Analysis of the impact of limitation of medical treatment orders during unplanned transfers from sub-acute care to emergency departments

Street, Maryann and Considine, Julie 2016, Analysis of the impact of limitation of medical treatment orders during unplanned transfers from sub-acute care to emergency departments, Australasian emergency nursing journal, vol. 19, no. 1, pp. 37-43, doi: 10.1016/j.aenj.2015.10.002.

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Title Analysis of the impact of limitation of medical treatment orders during unplanned transfers from sub-acute care to emergency departments
Author(s) Street, MaryannORCID iD for Street, Maryann orcid.org/0000-0002-5615-141X
Considine, JulieORCID iD for Considine, Julie orcid.org/0000-0003-3801-2456
Journal name Australasian emergency nursing journal
Volume number 19
Issue number 1
Start page 37
End page 43
Total pages 7
Publisher Elsevier
Place of publication Amsterdam, The Netherlands
Publication date 2016-02
ISSN 1574-6267
Keyword(s) Advance Directives
Clinical deterioration
Do-not-resuscitate orders
Emergency Departments
Patient transfer
Sub-acute care
Summary BACKGROUND: The impact of limitation of medical treatment orders (LOMT) on patient outcomes following transfer from sub-acute care to the Emergency Department remains unclear.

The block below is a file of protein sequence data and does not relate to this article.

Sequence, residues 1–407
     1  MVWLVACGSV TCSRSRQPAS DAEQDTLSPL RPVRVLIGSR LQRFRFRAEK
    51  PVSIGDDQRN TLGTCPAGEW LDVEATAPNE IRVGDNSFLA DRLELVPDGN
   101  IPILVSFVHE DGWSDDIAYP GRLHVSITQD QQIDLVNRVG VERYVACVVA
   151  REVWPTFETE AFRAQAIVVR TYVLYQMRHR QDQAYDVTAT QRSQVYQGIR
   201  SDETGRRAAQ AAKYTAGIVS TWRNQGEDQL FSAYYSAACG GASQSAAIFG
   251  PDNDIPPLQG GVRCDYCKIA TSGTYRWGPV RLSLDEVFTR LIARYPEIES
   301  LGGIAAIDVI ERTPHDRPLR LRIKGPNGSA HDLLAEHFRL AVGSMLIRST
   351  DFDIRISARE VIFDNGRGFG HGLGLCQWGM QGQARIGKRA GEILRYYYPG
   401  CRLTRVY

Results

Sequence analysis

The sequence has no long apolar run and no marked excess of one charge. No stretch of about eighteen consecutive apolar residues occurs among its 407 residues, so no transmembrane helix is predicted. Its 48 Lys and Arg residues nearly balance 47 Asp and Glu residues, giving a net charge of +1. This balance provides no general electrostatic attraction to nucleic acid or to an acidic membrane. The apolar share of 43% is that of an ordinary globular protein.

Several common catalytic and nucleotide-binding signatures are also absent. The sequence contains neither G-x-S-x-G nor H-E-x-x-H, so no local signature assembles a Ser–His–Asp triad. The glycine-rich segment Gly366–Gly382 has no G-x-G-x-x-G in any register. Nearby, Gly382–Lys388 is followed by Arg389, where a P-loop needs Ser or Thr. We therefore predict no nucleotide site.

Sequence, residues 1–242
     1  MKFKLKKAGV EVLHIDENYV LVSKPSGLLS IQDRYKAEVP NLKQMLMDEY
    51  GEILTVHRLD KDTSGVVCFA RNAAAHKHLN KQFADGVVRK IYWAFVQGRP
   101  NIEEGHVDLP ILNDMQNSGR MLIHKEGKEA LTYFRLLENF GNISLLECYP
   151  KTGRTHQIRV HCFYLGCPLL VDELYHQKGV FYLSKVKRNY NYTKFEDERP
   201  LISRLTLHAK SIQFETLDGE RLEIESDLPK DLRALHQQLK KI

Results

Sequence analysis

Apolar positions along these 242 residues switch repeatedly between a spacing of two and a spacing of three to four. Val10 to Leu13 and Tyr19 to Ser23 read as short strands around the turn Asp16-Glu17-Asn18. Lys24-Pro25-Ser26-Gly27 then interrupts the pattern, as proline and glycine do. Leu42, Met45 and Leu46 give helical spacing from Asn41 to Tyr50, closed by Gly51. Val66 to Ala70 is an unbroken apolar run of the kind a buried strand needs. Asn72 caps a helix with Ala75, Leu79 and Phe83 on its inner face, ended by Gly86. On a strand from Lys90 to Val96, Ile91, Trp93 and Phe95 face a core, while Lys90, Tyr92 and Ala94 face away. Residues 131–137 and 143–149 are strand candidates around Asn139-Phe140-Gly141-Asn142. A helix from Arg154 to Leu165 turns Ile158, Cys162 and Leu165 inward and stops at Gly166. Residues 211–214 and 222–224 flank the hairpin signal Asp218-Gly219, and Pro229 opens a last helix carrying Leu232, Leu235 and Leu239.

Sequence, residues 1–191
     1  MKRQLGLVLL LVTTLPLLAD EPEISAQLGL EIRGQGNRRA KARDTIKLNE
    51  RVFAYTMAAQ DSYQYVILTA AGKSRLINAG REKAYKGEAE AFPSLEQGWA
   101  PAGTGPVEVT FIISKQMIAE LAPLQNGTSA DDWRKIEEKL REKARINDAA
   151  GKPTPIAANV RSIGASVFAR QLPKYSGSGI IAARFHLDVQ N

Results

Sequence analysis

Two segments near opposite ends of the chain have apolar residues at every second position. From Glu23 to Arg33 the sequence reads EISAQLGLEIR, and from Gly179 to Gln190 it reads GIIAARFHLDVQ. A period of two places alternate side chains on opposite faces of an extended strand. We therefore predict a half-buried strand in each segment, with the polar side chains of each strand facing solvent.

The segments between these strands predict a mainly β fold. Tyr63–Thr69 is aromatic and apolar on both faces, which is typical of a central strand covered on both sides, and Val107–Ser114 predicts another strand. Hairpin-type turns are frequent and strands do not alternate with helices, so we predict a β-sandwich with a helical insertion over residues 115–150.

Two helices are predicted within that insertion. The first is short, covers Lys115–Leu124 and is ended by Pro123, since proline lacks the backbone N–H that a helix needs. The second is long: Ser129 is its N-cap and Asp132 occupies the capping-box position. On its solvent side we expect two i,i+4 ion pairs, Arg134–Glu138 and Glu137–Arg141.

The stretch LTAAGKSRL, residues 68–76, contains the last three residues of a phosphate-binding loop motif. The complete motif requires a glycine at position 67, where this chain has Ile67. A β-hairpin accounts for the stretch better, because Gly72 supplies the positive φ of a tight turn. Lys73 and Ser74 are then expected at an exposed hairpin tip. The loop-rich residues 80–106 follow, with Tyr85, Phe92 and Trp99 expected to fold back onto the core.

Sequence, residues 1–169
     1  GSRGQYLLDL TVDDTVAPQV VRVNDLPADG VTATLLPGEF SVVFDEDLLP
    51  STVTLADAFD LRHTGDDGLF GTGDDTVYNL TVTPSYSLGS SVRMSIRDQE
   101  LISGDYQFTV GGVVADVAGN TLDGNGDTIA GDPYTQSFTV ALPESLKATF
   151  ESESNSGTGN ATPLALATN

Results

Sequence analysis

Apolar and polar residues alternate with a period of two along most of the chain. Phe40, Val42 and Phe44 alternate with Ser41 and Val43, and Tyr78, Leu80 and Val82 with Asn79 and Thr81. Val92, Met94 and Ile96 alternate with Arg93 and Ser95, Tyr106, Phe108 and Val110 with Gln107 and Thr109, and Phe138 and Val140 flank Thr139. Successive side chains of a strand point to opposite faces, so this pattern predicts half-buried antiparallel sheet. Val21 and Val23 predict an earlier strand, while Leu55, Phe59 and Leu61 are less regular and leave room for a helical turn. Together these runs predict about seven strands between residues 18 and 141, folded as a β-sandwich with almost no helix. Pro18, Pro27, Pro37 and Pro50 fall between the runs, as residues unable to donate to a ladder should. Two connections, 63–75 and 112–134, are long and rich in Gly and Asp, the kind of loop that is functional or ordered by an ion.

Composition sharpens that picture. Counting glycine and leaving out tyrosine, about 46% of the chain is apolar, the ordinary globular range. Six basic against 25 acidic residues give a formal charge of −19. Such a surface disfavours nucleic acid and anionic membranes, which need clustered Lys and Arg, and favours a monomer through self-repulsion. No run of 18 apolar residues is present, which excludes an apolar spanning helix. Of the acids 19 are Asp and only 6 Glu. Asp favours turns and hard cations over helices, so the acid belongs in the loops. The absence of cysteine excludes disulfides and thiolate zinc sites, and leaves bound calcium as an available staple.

METHODS: Retrospective medical record review of 431 adult in-patients who required ambulance transfer following clinical deterioration during a sub-acute care admission during 2010.

RESULTS: Common reasons for transfer were respiratory (18.9%) or neurological (19.0%) conditions; 35.7% (154/431) were transferred within one week of sub-acute care admission. LOMT orders were in place for 37.8% (n=163) patients who were older (p<0.001), with more comorbidities (p<0.005), specifically cardiac, renal and pulmonary disease than patients without LOMT. Patients with LOMT orders had more physiological abnormalities before transfer; tachypnoea (43.7% vs 28.6%), hypoxaemia (63.5% vs 48.4%) and severe hypoxaemia (27.6% vs 14.5%). There were no differences in rates of admission, cardiac arrest, Medical Emergency Team activation or ICU admission. For admitted patients, those with LOMT orders had significantly (p≤0.005) higher mortality: in-hospital (21.9% vs 11.3%); 30 days (23.9% vs 12.3%) and 60 days (28.2% vs 13.4%).

CONCLUSIONS: Patients with LOMT had higher levels of comorbidity and were more acutely ill during their sub-acute care admission. Once transferred those with a LOMT had similar rates of cardiac arrest, MET activation and unplanned ICU admission, but higher mortality.
Language eng
DOI 10.1016/j.aenj.2015.10.002
Field of Research 111003 Clinical Nursing: Secondary (Acute Care)
1110 Nursing
Socio Economic Objective 920210 Nursing
HERDC Research category C1 Refereed article in a scholarly journal
ERA Research output type C Journal article
Copyright notice ©2015, College of Emergency Nursing Australasia
Persistent URL http://hdl.handle.net/10536/DRO/DU:30080177

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